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Study Notes

Commons Reform

Level:
AS, A-Level
Board:
AQA, Edexcel, OCR, IB

Last updated 22 Mar 2021

Commons reform is the idea that the procedures and relevance of the House of Commons could be improved. The last major attempt to look into how this could be done was the Wright Committee (named after its Chair, Tony Wright).

This was a select committee of the UK Parliament that was established and reported in 2009, making a number of recommendations, which included:

  • A reduction in the number of committees and in the size of a standard departmental committee
  • That one backbench motion per month should be routinely scheduled for debate.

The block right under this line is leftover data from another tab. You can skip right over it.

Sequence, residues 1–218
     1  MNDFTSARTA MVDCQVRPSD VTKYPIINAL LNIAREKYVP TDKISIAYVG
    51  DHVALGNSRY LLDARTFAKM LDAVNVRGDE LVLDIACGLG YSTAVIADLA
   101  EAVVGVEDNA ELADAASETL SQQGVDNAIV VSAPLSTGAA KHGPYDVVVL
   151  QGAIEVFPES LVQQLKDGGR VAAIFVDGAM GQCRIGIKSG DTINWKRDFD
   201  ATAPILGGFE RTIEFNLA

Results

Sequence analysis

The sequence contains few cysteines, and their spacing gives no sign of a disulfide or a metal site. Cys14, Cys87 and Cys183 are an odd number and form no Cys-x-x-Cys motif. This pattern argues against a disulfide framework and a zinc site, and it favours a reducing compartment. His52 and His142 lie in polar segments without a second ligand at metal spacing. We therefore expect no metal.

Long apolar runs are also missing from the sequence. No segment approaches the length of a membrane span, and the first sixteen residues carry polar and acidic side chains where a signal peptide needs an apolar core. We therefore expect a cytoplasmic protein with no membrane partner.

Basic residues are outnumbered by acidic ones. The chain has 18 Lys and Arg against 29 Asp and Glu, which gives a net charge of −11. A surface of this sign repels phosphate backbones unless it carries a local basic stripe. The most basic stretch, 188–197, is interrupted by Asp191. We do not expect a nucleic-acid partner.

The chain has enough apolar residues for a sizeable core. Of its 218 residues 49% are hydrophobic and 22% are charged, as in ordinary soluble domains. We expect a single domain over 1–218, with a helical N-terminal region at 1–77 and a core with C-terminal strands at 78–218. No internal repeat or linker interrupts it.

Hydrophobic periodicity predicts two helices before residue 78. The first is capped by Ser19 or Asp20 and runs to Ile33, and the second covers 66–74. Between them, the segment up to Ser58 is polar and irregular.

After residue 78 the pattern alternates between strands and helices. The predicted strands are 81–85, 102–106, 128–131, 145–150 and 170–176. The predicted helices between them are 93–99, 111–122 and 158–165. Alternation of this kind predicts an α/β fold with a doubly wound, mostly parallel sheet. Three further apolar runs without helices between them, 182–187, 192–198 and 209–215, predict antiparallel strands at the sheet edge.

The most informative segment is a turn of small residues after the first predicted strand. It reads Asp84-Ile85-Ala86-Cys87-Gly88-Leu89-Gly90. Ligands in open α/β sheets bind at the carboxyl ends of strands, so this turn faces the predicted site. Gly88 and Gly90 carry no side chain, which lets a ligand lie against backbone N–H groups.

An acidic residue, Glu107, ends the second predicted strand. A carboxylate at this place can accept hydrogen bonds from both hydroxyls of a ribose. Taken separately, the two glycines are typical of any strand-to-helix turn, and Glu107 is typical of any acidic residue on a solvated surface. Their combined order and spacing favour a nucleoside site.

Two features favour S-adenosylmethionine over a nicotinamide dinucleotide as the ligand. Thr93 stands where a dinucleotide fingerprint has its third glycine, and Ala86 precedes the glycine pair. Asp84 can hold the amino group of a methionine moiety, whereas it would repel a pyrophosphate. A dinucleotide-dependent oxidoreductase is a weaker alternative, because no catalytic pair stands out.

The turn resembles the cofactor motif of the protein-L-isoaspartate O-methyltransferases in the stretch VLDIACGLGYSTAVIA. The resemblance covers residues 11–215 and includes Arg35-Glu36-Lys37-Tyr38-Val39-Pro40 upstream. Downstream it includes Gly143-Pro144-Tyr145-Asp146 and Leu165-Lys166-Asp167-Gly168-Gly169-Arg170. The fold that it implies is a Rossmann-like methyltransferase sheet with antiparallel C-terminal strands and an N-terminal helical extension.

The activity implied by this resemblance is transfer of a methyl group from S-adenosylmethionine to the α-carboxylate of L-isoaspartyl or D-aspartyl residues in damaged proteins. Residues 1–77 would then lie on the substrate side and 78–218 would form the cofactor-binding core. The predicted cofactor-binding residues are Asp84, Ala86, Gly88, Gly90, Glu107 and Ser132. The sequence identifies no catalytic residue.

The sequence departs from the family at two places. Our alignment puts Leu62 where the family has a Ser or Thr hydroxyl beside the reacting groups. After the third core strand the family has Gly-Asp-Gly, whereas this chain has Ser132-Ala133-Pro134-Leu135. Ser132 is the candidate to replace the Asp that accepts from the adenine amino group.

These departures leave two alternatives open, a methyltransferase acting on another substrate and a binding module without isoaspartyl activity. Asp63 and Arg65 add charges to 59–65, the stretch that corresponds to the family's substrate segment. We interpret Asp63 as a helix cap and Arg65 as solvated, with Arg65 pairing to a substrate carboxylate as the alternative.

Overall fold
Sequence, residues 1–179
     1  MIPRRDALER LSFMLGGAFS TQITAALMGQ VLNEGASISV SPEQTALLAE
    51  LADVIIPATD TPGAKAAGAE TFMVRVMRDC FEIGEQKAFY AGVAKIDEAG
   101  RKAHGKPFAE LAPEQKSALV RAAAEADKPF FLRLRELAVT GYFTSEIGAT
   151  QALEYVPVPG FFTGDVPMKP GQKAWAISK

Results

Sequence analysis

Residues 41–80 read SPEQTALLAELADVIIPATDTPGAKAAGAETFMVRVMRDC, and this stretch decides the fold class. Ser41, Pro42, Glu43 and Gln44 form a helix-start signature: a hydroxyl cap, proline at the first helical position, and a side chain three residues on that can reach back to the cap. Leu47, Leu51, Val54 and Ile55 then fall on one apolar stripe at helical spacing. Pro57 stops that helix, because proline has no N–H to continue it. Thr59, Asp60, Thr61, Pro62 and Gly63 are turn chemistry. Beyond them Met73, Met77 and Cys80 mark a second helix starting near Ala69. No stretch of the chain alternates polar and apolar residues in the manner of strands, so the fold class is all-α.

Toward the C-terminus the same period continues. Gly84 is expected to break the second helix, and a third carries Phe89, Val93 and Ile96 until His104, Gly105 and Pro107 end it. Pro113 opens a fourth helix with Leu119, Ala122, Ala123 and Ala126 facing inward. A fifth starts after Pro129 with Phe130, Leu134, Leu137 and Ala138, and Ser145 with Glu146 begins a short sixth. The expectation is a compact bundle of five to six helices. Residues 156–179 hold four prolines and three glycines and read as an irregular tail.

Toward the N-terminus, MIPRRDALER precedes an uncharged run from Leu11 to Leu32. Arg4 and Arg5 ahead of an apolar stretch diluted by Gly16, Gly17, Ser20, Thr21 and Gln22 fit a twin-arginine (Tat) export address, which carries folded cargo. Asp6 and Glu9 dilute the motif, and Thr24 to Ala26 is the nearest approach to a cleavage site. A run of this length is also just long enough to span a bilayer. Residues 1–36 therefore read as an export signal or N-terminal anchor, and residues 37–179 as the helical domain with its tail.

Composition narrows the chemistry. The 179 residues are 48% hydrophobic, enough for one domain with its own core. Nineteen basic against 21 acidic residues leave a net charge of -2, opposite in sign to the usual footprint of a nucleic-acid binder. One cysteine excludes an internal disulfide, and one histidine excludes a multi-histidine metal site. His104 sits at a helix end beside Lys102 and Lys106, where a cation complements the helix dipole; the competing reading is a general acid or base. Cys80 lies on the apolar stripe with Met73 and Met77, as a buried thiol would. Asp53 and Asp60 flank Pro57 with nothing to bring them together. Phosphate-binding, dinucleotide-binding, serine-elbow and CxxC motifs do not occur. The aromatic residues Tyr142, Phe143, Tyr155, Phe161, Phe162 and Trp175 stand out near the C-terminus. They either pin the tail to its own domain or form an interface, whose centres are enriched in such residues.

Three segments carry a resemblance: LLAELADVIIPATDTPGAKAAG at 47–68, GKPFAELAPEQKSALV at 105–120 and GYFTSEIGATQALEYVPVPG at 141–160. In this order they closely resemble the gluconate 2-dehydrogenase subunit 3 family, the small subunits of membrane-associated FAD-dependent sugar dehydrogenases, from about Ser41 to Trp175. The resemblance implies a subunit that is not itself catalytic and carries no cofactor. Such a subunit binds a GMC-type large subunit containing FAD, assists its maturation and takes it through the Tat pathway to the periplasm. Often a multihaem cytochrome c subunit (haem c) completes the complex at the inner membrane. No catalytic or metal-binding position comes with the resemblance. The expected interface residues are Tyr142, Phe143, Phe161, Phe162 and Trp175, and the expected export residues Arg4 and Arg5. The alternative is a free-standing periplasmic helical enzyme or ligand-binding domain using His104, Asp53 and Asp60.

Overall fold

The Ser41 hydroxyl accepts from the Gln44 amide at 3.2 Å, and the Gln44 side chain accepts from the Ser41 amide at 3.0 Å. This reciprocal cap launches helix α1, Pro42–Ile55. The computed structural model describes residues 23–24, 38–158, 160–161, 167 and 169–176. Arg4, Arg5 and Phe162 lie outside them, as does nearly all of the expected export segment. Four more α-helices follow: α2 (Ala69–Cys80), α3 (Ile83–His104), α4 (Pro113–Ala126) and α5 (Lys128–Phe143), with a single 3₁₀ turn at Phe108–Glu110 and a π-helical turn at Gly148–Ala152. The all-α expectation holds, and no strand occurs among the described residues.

• That the Chairs of departmental and similar select committees should be directly elected by a secret ballot of the house using the alternative vote election system
  • That members of departmental and similar committee should be elected from within party groups by secret ballot
  • That backbench business should be scheduled by the House rather than by Ministers
  • That the House should decide its sitting pattern for itself.
  • That an effective e-petitions system should be introduced, including the possibility that members of the public might be able to compel an issues to be debated in the House

The general theme of the recommendations were that the House should have more scope to choose and to schedule its own activities. The Wright Committee’s recommendations were brought forward in full by the incoming coalition Conservative and Liberal Democrat government in May 2010.

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